Why is there a need for a secondary water supply?
Currently, 100% of our water (3.2 million gallons per day) is supplied from the Scituate Reservoir through Providence Water. It reaches us via BCWA’s East Bay Pipeline, which is located under Narragansett Bay. While the quality and quantity of this water are excellent, and our utility infrastructure remains strong, there is significant risk in relying solely on one supply. We would not be able to adequately meet your business, residential water needs or fire protection if:
- Providence Water suffered a loss or reduction in supply due to infrastructure failure, contamination, or other factors
- Our East Bay Pipeline experiences damage to its infrastructure or a leak similar to what occurred in 2019.
- The East Bay Pipeline is installed in bedrock, 160 feet below the surface of the Providence River. In 2019, this pipeline experienced a significant leak of 400,000 gallons per day. In order to repair the leak the pipeline needed to be shutdown for two months and BCWA relied upon an emergency interconnection with East Providence along with water restrictions. The emergency repair was an unplanned expense of $4 million. The repair solution was lining the 24-inch pipeline with a smaller diameter 18-inch liner pipe.
Why is connecting to Pawtucket the best solution?
An extensive engineering and costing study has concluded that a pipeline to Pawtucket Water is the most effective and cost-efficient option for an alternative water supply.
Pawtucket’s updated water treatment plant system can yield 22 million gallons of high-quality water per day and has ample supply to support BCWA customer needs of 3.2 million gallons a day.
The City of East Providence also relies upon a single pipeline from the Providence Water System that crosses under the Providence River. Given that their pipeline was installed in the 1960s, it may be vulnerable to a leak or failure. As such, the City of East Providence also has an interest in having a pipeline connection with the Pawtucket Water System.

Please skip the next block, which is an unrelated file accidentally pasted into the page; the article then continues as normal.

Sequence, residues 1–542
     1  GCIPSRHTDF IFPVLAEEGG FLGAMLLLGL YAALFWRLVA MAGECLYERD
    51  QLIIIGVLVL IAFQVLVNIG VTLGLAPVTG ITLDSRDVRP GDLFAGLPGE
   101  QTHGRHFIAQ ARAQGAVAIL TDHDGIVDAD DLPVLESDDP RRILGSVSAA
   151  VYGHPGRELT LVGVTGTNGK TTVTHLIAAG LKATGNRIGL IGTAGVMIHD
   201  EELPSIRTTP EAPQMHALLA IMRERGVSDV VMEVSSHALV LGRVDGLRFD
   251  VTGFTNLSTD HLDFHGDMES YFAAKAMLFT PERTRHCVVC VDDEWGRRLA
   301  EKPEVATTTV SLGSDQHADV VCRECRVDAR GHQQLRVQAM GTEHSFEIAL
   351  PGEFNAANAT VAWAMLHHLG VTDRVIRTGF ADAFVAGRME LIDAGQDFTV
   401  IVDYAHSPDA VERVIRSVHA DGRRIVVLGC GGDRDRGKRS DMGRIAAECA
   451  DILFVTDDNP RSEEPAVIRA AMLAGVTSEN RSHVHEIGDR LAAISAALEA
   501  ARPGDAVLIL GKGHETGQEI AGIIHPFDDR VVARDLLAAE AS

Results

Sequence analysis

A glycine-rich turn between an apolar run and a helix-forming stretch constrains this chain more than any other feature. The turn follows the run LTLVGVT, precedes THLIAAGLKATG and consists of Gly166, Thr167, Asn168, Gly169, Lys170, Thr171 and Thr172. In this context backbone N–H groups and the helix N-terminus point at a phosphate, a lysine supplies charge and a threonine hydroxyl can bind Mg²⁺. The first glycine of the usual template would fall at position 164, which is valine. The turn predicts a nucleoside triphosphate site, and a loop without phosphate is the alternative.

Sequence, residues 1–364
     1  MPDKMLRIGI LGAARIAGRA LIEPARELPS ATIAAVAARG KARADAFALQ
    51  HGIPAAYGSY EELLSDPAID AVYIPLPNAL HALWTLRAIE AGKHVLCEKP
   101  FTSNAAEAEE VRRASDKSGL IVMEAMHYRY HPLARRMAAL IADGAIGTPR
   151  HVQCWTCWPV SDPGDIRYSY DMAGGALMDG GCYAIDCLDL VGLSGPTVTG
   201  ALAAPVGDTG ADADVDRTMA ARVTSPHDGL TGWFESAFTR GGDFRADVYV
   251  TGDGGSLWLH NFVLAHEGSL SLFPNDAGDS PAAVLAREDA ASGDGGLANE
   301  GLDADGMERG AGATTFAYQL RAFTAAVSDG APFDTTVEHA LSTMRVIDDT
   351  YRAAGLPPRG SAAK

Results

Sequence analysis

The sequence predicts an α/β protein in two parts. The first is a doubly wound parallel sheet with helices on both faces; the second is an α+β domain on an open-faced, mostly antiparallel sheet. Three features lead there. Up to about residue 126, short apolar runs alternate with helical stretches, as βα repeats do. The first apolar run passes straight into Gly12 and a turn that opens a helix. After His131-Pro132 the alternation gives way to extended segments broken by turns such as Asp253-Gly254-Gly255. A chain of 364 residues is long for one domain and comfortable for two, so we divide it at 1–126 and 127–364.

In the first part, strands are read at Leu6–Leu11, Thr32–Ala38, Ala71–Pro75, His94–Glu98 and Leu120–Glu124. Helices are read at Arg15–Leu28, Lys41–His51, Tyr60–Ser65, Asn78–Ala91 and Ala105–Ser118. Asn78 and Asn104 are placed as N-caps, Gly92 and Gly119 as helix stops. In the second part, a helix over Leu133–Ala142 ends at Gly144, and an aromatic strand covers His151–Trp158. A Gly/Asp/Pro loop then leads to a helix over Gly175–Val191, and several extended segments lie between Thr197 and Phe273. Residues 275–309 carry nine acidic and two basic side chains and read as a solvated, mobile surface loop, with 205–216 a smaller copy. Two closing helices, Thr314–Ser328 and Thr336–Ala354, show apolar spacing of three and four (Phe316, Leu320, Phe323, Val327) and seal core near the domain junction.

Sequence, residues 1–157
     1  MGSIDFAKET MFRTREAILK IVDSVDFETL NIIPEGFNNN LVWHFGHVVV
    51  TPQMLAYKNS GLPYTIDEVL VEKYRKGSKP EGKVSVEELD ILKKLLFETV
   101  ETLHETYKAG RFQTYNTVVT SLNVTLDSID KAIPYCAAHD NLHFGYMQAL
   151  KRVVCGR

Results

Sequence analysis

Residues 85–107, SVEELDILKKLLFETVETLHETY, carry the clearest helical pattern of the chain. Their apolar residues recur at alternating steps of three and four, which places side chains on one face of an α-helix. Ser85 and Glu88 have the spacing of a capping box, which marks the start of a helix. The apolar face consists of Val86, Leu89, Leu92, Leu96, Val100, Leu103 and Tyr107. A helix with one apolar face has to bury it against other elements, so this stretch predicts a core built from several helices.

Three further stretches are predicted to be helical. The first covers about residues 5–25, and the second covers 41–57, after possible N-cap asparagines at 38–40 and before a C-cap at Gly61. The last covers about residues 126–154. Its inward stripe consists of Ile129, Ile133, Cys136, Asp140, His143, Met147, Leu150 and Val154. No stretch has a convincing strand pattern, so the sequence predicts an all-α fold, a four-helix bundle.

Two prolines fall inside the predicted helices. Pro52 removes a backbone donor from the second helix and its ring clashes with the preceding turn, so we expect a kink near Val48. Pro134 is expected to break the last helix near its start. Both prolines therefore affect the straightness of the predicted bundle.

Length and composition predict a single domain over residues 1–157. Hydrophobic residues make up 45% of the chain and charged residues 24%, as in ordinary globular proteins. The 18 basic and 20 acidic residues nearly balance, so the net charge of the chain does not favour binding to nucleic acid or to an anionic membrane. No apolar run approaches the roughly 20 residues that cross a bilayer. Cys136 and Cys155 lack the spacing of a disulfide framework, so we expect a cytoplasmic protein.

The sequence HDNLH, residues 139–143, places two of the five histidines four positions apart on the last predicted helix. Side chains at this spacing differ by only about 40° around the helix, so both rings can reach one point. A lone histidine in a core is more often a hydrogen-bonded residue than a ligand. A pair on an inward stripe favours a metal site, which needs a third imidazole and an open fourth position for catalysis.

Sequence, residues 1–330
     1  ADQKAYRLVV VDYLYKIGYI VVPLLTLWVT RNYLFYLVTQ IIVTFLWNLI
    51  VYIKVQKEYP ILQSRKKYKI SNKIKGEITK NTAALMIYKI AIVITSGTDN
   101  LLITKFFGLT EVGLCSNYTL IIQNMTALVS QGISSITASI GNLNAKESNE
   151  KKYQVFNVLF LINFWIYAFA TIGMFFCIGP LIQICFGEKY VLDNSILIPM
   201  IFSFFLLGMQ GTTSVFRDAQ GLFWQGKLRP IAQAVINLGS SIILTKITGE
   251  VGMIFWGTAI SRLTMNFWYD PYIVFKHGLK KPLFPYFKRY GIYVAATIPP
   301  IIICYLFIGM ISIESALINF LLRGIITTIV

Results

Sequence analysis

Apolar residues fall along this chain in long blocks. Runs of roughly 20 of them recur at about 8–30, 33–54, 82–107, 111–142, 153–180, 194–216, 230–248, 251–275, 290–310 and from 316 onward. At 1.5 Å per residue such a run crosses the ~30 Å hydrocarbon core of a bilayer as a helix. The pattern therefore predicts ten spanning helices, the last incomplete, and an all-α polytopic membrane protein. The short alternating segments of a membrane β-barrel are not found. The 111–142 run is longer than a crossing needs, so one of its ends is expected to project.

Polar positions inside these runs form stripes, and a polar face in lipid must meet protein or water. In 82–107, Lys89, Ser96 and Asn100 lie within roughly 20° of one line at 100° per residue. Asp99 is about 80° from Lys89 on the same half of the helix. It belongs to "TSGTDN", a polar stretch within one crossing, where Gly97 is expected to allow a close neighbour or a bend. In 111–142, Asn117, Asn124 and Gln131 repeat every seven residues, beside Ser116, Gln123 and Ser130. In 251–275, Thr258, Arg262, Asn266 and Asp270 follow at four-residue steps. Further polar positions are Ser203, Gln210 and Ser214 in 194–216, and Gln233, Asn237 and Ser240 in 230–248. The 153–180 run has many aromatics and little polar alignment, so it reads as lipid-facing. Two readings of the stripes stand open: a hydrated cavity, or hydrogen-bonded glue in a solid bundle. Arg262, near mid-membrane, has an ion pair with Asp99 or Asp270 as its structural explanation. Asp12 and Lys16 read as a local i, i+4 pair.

What are the pipeline design and construction details?
On April 20, 2017, the BCWA board of directors, supported by the Barrington, Bristol, and Warren Town Councils, voted to move forward with constructing a much-needed secondary water supply to support the needs of our customers. The new pipeline will connect to the Pawtucket Water Supply and supplement our existing source from the Providence’s Water Supply from the Scituate Reservoir.
On November 15, 2017, the BCWA Board awarded an engineering contract to Beta Group for the Pawtucket Pipeline Project.
Given the size and scope, the project was envisioned to be designed and constructed in two phases.
Phase I is an approximate 1.5 mile, 24-inch pipe connection that runs from the BCWA main pipeline in Pawtucket Avenue in East Providence to the East Providence transmission main at the East Providence water storage tank facilities at Kent Heights.
Phase II is an approximate 5 mile, 30-inch pipe connection that runs from the East Providence connection at the water storage facilities to a connection with the Pawtucket Water System near the East Providence/Pawtucket line.
On August 27, 2020, the BCWA awarded a contract to construct Phase I of the project to C.B. Utility, Inc. for $6.9 million. The project has been completed and the pipeline was activated in mid-June of 2022. The final construction contract cost was $5.9 million ($1 million less than the initial contract value).
Phase II of the project is currently in design. The engineering design and permitting for the installation of 5 miles of 30-inch pipe through the City of East Providence to Pawtucket will be challenging. The project has recently completed the 30% design stage. Given the recent cost escalations in materials and construction, the preliminary cost estimates for this project are approaching $50 million.
How will this project be financed?
The BCWA 10-year Capital Plan accounts for the bonding necessary to fund such a large project. Bonds sold by the BCWA would be repaid over their term from revenue from the sale of water to our customers. State or federal bonds or grants may help reduce cost increases to our customers. Additionally, the City of East Providence is considering joining us in this project. If they do, project costs would be split and the pipeline would be sized to provide water to both systems. The City of East Providence has agreed to cost-share with the BCWA for the design costs of $1.5 million.
Construction of the Pipeline